What is possibly the most concerning geopolitical situation facing us today is not in the Middle East, but in the Far East. Chinese President Xi Jinping continues to increase the strength of his rhetoric when it comes to Taiwan. “Taiwan independence separatism is the biggest obstacle to achieving the reunification of the motherland, and the most serious hidden danger to national rejuvenation,” he said in a speech at Beijing’s Great Hall of People. “The historical task of the complete reunification of the motherland must be fulfilled, and will definitely be fulfilled.” When Xi finally makes his move, it will be interesting to see if any of Taiwan’s western allies, including the US, will come to her defense. If they do, it could mean military confrontation. If they don’t, China will see a green light to physically move into what up to now has only been a spreading financial empire.
It seems that the situation between Iran and Azerbaijan is beginning to calm down. In a statement yesterday, Azerbaijan’s foreign ministry said, “The sides noted that recent rhetoric has harmed bilateral relations and that any differences should be settled through dialogue.” Both neighboring nations will seek to establish conversation that they hope will lead to an easing of the tensions. As per usual, Israel has become the scapegoat in many eyes. On Monday, Iranian Foreign Ministry spokesman Saeed Khatibzadeh stated, “The Zionist regime has taken insecurity and instability everywhere it went. The Zionist regime definitely wants to see this region as insecure.” I wonder if he could be referring to the two F-35I fifth-generation stealth fighter jets Israel has just “permanently stationed” in Azerbaijan?
Overnight Friday, Israel struck a shipment of Iranian drones stored at the T-4 Airbase near Palmyra, Syria. In the attack, six Iranian-backed Syrian fighters were injured and major structural damage occurred. Then, last night, the same base was attacked with Iranian Revolutionary Guard materiel targeted. In addition, there were reports last night of attacks in the Homs area
In an operation that Iraqi Prime Minister Mustafa al-Kadhimi called “one of the most difficult” that the nation’s intelligence service has ever carried out, Sammy Jassem Muhammad al-Jaburi, ISIS CFO and former best buddy of Abu Bakr al-Baghdadi, was arrested. Responsible for the financial side of the terrorist organization, the US State Department had leveled a $5 million bounty on his head
During Yom Kippur, Aryeh Lipo, a Jewish man, was removed from the Temple Mount for quietly praying, something that has long been forbidden, even by Israeli authorities. His attorney, Moshe Polsky, stated, “It is inconceivable that Jews in the Temple Mount area should not be allowed to mumble and pray even silently when Muslims on the mountain are allowed to do everything – pray, demand, play football, and riot while the police do not prevent this.” Last week, a ruling by the Jerusalem Magistrate’s Court agreed with the attorney’s logic and allowed the prayer. Not surprisingly, the Muslim authorities were up in arms over it. Then, on Friday, a higher court reversed the decision, once again barring overt Jewish worship on the Temple Mount. This came after an appeal by Police Minister Omer Barlev and pressure by the current US presidential administration who said they were concerned that the ruling could lead to an escalation in violence.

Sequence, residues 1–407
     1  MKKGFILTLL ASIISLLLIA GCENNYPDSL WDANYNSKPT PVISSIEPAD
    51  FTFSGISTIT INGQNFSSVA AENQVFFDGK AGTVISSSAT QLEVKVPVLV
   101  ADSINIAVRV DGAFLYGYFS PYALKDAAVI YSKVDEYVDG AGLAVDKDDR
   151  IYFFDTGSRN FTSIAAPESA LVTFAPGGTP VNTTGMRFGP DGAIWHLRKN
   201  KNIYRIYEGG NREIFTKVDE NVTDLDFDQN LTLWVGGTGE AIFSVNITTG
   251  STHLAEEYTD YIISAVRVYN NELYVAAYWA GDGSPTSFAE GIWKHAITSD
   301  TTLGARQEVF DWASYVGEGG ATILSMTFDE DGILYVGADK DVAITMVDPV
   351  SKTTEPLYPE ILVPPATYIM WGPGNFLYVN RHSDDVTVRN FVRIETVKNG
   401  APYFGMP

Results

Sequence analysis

- Iran’s President Ebrahim Raisi will not be attending the COP26 climate change conference in Glasgow, Scotland, after relatives of torture victims in Iranian prisons submitted a formal request to Scottish authorities demanding his arrest.
- Two Iraqi militias that deal with the transfer of rocket weapons from Iraq to Syria were attacked and destroyed during a missile firing attempt in the Syrian desert, killing three senior commanders.
- Some Lebanese citizens have tried to break into banks and other have sold checks for half their face value in a desperate attempt to get to their money after banks announced that they would no longer receive their savings because they had been frozen by the regime.
- Today in Beirut, there is gunfire and the launching of RPG shoulder-fired missiles after a judge ruled against the people involved in a bombing over a year ago, a verdict that has Hezbollah not happy and could lead Lebanon into an all-out civil war!
- Turkey’s currency is plunging with the lira reaching a record low against the dollar.
- ISIS has claimed responsibility for a suicide bombing at a mosque in Kunduz, Afghanistan, that left a death toll of over 60 but which will likely reach up to 100 as the days progress.
- In an election in which only 41% of citizens voted, a record low, Iraqis chose the party of anti-US Shi’ite Muslim cleric Moqtada al-Sadr as the biggest winner of the day.
- Over the past two months, an Israeli humanitarian aid group coordinated the evacuation through Albania of 167 vulnerable Afghans, including judges, professional cyclists, journalists, TV presenters, human rights activists, families of diplomats, artists, law enforcement officers, and scientists.
- Jewish immigration in 2021 has seen a 31% increase over the same time frame in 2020.
- In a story reminiscent of my new thriller novel, Operation Joktan, it was revealed this past week that the Mossad kidnapped an Iranian general from the streets of Damascus, interrogated him over the 1986 capture of Israeli airman Ron Arad, then released him in Johannesburg, South Africa.
As you can see above, there is a lot happening in the world – particularly when it comes to the Middle East. If you want to hear some more of my thoughts about the top stories, check out my Middle East Update, entitled “What Do We Know About Israel’s Future?” Also, be sure to check out last Friday’s Middle East Update, “Has a War Between Israel and Iran Begun?” which digs into the growing tension between the two nations.